Discussion in 'Music Corner' started by JRM, Apr 11, 2014.
Now spinning disc 2 of the So Many Roads box set...
“I’m really happy with the remix… It was our first adventure with 16-track, and we tended to put too much on everything; we tended to use up every track…and then we were all of us trying to mix. Well, we couldn’t…it came out mixed by committee. A lot of the music was just lost in the mix…but I really had fun remixing it. The remixes are admittedly somewhat simpler…I dropped a lot of the junk off it. It sounds more like I hoped it would when we recorded it.”
Good grief. I shouldn't have asked what he was thinking. If you have to drop a lot of "junk" off then you are not remixing, you are lazily recomposing. He was just measuring Aoxomoxoa against Workingman's Dead. Funny how the original mix is now what came back. Same thing happened with Phil Lesh's remix of Anthem although that was less dramatic and there were many issues related to the editing of different live tapes.
Working Man's Dead Green Label Vinyl, Dave's Pick 9 Disc 3, Europe 72 Vinyl
I've been playing the "Move Me Brightly" DVD quite a lot recently. Love the "Eyes Of The World"
I prefer the remix of Aoxomoxoa for the most part, the exceptions being "China Cat Sunflower" and "What's Become of the Baby"
Jerry obviously didn't think highly of Aoxomoxoa even after his remix. Very little remained in shows in later years - St. Stephen 3 times in 1983, and Dupree's had a handful performances every year (exception being 1985 it showed up frequently), but then only played 3 times in the 90s. And because there are no Phil, Bobby or Pigpen songs on Aoxomoxoa, if Jerry wasn't playing anything from the album, you didn't hear anything from the album. The huge exception is of course China Cat, but he was even dismissive of that...
“All those Aoxomoxoa songs, a lot of them are cumbersome to perform, overwritten. China Cat Sunflower is marginal. But a lot of tunes on there are just packed with lyrics, or packed with musical changes that aren’t worth it for what happens finally with the song. There isn’t a graceful way to perform them… Cosmic Charlie was really a recording song, and even when we did perform it, it always had its weaknesses…it’s not quite performable… At the time I wasn’t writing songs for the band to play; I was writing songs to be writing songs. Those were the first songs me and Hunter did together, and we didn’t have the craft of songwriting down.”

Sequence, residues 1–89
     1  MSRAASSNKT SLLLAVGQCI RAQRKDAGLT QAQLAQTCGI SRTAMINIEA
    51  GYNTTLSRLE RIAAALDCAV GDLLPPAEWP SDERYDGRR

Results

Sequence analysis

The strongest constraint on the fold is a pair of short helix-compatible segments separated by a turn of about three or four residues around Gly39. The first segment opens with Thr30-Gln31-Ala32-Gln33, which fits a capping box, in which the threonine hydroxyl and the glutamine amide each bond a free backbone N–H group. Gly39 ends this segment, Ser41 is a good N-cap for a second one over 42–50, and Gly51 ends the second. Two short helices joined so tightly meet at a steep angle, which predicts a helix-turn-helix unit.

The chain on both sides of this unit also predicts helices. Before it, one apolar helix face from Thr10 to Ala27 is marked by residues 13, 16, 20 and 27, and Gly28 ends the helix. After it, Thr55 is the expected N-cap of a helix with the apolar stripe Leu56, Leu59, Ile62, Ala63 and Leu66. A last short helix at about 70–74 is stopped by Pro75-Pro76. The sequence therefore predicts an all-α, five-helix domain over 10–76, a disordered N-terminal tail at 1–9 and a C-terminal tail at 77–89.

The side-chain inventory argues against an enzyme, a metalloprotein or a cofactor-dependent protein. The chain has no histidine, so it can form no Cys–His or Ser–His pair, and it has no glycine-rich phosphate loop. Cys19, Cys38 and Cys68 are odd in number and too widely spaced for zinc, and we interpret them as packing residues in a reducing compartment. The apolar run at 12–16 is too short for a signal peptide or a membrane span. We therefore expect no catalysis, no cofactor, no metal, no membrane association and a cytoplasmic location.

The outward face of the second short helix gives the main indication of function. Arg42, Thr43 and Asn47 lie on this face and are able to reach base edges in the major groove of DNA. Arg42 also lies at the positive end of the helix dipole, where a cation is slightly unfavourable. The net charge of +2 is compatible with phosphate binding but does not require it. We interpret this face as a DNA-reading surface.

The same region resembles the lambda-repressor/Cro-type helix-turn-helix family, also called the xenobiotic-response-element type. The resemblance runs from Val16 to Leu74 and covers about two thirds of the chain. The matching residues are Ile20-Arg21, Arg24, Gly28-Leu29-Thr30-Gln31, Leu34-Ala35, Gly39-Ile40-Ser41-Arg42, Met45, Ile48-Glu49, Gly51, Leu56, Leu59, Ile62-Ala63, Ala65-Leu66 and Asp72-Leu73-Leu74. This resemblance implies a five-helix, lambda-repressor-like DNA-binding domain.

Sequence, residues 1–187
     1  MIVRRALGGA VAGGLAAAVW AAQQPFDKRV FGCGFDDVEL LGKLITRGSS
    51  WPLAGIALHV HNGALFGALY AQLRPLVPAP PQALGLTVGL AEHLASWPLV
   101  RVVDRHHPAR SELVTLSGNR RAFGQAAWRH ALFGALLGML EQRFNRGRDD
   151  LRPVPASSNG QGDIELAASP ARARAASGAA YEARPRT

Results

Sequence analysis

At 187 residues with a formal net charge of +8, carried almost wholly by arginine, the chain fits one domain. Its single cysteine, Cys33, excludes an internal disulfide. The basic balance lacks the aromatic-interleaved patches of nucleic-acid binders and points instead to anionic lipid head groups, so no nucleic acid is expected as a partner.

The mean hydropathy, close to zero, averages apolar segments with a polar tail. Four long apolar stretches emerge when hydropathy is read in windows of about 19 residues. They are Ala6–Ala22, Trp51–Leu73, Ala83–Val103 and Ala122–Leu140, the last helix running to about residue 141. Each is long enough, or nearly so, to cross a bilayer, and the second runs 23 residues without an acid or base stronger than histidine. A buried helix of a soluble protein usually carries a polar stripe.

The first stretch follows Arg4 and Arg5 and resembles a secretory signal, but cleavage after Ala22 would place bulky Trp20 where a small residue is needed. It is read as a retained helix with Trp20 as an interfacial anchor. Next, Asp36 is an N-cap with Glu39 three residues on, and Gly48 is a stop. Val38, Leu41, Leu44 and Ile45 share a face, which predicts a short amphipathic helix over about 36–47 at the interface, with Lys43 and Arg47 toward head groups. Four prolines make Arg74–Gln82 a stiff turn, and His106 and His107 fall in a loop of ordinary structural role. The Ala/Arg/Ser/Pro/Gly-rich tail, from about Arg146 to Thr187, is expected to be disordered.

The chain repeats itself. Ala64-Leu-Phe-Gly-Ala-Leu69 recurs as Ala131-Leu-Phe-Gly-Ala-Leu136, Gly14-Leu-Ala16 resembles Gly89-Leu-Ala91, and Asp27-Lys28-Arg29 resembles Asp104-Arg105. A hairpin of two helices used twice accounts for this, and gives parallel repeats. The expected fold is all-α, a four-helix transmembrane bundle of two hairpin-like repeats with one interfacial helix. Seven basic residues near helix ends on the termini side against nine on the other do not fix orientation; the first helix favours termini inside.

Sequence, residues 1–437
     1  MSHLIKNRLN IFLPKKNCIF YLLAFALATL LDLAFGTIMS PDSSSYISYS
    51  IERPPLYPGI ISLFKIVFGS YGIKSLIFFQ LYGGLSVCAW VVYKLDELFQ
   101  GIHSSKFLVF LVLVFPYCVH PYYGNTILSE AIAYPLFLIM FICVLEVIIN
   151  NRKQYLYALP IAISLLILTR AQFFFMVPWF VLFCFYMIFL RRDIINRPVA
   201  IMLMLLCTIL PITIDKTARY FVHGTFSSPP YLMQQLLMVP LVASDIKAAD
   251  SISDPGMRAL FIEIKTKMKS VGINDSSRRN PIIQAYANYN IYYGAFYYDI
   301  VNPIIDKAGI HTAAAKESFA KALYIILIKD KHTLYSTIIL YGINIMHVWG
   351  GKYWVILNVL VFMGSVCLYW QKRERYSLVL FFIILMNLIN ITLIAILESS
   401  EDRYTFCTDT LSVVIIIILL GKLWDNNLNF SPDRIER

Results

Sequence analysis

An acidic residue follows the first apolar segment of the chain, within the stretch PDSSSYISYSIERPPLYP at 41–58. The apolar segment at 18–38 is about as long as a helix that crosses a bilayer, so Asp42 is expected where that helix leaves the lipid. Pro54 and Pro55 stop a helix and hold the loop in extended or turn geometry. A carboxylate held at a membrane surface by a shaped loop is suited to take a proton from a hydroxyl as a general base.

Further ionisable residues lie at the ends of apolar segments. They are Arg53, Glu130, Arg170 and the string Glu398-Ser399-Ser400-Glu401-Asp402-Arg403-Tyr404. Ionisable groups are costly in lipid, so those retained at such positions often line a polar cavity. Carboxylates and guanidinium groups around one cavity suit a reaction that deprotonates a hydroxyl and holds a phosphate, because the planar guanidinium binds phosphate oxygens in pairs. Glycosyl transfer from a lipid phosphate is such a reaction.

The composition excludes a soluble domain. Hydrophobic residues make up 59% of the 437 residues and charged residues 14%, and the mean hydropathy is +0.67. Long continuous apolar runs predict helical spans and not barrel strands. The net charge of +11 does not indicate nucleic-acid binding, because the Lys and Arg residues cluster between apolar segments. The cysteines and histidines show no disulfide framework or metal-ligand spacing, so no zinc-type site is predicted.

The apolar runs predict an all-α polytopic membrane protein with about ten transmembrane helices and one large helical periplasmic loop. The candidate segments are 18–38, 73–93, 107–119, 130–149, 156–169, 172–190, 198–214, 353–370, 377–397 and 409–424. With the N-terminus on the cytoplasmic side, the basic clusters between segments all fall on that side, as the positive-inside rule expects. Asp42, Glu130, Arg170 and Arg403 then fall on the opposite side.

But, he also said it “sounded like how I wanted…the tapes were well-recorded, and the music is well-played and everything on it is really right" and "it was when Hunter and I were being more or less obscure…too far-out, really, for most people. That record is one of my pets. I really like it. I was always sorry that it came out so ****ed up and then didn’t sell.”
Edit: BTW there are some interesting and sometimes odd stuff on the Aoxomoxoa outtakes. Quality isn't great but the vocals on Cosmic Charley are definitely worth a listen if you haven't heard it...https://listentothedead.com/1969/12/31
I went for a 8 mile run today and the soundboard/audience matrix of 10/27/1979 was the accompaniment. Man, that Dancin' In The Street > Franklin's Tower is so fantastic. I love Brent's funky organ, and Phil just really digs in with those low bass notes. This has to be one of the best 1979 shows.
Jerry said that some of the songs he wrote for this album were too hard to sing live.
Pittsburgh 12/1/79 is way up there too. Definitely releasable (although in wide circulation for as long as I can remember). I don't think I've ever heard the first set, though, come to think of it
I love Jerry's pedal steel guitar playing on Looks Like Rain. Too bad he gave it up after the April Europe '72 shows. He said it was too hard to go back and forth between playing the pedal steel and traditional electric in one show, although he did it for quite awhile when he was playing regularly with the New Riders.
Great Jerry pedal steel on Slewfoot and on a very very nice Bobby-sung Dire Wolf.
I was fortunate to see him play steel with the riders and the dead 70-72.